No. 8 situated at and forming part of the hotel, on a monthly rental of Rs. 8,064. Likewise,sevenothershopswhichdid
business in the sale of batik were granted similar licences. The petitioner'slicencehadbeenrenewedannuallybythe
respondent. According to clause 24 of the agreement between the parties, the option to renew the licence was reserved tothe
respondent. The last licence granted to the petitioner which was due to expire on 15.4.79wasextendedbytherespondent
from 15.4.79 to 15.7.79. On 14.6.79, the respondent called for applications for the issue of licencestooperatethesaid
shops, stating however that it reserved the right to accept or reject the applications received by it withoutassigningany
reasons. Although the petitioner duly tendered an application for shop space at the specified ratesandcompliedwiththe
other preliminary conditions stipulated by the respondent, the respondent, without assigning any reason whatsoever,rejected
the petitioner's application, but accepted similar applications of the other licence-holders for batikshopsinthehotel
premises. The petitioner in its application for writ complains that it had been arbitrarily refused a licence to runashop
for the sale of batiks in the respondent's premises because of political discrimination, as three of its Directors havebeen
supporters of the Sri Lanka Freedom Party, and also because ofpersonalhostilitytowardsitsManaging-Directorbya
director of the respondent- company. The petitioner contends that the decision of the respondent not to grant anewlicence
and/or renew the existing licence to it is null and void for the reasons that the decision was reached inviolationofthe
principles of natural justice, in that the petitioner was not given any opportunity of being heardpriortosuchdecision
and that the respondent had failed to act fairly towards the petitioner and was actuated by mala-fides and biasagainstthe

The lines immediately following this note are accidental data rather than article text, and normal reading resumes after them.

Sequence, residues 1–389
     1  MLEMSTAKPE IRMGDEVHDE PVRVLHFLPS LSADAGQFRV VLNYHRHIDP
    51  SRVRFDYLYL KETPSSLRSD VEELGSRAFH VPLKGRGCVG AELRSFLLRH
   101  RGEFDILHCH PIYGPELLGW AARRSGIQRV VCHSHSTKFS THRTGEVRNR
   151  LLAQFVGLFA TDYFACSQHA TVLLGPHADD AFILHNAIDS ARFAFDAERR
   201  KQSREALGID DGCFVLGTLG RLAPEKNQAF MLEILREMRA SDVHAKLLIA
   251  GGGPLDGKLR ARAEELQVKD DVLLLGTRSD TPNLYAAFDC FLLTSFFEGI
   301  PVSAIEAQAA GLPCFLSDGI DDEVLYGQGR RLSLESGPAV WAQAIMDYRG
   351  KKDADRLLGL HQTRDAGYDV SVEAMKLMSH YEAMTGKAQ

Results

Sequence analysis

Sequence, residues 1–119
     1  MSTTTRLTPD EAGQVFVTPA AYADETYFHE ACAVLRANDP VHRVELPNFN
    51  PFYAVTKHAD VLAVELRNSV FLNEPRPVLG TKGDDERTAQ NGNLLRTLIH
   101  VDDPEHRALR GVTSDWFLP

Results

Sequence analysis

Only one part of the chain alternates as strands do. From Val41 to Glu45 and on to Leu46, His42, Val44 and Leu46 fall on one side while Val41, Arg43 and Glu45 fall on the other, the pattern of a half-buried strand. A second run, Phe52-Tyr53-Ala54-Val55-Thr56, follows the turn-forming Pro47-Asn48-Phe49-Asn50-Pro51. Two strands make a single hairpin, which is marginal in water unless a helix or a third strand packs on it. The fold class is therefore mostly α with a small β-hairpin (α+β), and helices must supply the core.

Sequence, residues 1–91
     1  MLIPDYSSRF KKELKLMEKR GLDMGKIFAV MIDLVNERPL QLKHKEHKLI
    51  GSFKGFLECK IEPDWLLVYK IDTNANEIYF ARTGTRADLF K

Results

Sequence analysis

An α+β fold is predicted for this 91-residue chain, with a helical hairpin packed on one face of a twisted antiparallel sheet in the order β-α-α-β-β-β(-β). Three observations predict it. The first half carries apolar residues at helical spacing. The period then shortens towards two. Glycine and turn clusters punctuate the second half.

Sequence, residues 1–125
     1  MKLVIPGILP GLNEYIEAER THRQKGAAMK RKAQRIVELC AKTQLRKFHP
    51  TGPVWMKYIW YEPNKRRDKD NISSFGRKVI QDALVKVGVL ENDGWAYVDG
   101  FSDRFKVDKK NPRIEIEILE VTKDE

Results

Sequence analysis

The respondent, while denying the allegations of mala-fides and unfairness made by the petitioner, pleaded in limineagainst
the maintainability of this application for the issue of a writ of certiorari against it on thegroundthatitisnota
'public authority'. It submits that the question of renewal of the grant of a licence to run a shop atHotelLankaOberoi,
of which it is the proprietor, is a matter for the sole decision of its Board ofDirectorsandthatsuchadecisionis
entirely within the discretion of the Board and cannot be reviewed by a writ of certiorari. The respondent contended thatin
declining to grant the tenancy of its shop to the petitioner, it was not deciding on the legal rights of the petitioner.

An important aspect of prerogative remedies is that they belong exclusively to public law,theirprimaryobjectbeingto
make the machinery of Government work properly rather than to enforce private rights.Anapplicationfortheprerogative
remedy of a writ of certiorari is a proceeding calling some public authority to show legal justification for itsactionand
to account for exceeding or abusing its power. "A public authority may bedescribedasapersonoradministrativebody
entrusted with functions to perform for the benefit of the public and not for private profit."-Halsbury'sLawsofEngland,
4th Edition, Vol. 1, paragraph 6 at p. 9. As Lord Devlin said in R. v. Fulham Rent Tribunal (1) at 488:

"Orders of certiorari and prohibition are concerned principally with public order, it being part ofthedutyoftheHigh
Court to see that inferior Courts confine themselves to their own limited sphere".
Lord Goddard, C.J. in R. v. National Joint Councils for Dental Technicians ex. p. Neate (2) at 707 defined the ambits ofthe
writs as follows:

"The bodies to which in modern times the remedies of these prerogative writs have beenappliedhaveailbeenstatutory
bodies on whom Parliament has conferred statutory powers and duties which, when exercised, may lead to the detriment ofthee
subjects who may have to submit to their jurisdiction".

As Professor Wade In his book on Administrative Law, 4th Edition, at p. 529 stated: "Consequently the existence ofstatutory
power may be treated as the touchstone, though the Court has recently admitted oneexceptioninR,v.CriminalInjuries
Compensation Board ex p. Lain..."(3) and summed up the law as at p.540:"Certiorariandprohibitionaredesignedto
prevent the excess and abuse of power by public authorities. The powers of public authorities areconferredbystatutein
almost all cases. So that it is usually safe to assume that statutorypowerisinquestion"Originally,certiorariand
prohibition lay to control the functions of inferior courts, namely, judicial functions. But the notion of what is 'aCourt'